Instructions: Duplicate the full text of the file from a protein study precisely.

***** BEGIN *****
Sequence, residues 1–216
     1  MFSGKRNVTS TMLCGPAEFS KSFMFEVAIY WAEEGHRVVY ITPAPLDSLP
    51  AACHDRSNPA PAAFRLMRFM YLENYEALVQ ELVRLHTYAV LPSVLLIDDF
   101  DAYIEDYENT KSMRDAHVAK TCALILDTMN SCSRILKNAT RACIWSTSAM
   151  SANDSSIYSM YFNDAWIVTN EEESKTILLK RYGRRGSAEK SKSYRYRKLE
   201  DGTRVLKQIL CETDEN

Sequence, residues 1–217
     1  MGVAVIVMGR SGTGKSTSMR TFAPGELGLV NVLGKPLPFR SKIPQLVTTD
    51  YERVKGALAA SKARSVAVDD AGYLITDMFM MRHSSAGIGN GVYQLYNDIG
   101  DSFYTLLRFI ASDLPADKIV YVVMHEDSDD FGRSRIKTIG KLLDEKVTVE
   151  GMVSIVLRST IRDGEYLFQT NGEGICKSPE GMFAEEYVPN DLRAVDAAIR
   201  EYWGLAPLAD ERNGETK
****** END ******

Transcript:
Sequence, residues 1–216
     1  MFSGKRNVTS TMLCGPAEFS KSFMFEVAIY WAEEGHRVVY ITPAPLDSLP
    51  AACHDRSNPA PAAFRLMRFM YLENYEALVQ ELVRLHTYAV LPSVLLIDDF
   101  DAYIEDYENT KSMRDAHVAK TCALILDTMN SCSRILKNAT RACIWSTSAM
   151  SANDSSIYSM YFNDAWIVTN EEESKTILLK RYGRRGSAEK SKSYRYRKLE
   201  DGTRVLKQIL CETDEN

Sequence, residues 1–217
     1  MGVAVIVMGR SGTGKSTSMR TFAPGELGLV NVLGKPLPFR SKIPQLVTTD
    51  YERVKGALAA SKARSVAVDD AGYLITDMFM MRHSSAGIGN GVYQLYNDIG
   101  DSFYTLLRFI ASDLPADKIV YVVMHEDSDD FGRSRIKTIG KLLDEKVTVE
   151  GMVSIVLRST IRDGEYLFQT NGEGICKSPE GMFAEEYVPN DLRAVDAAIR
   201  EYWGLAPLAD ERNGETK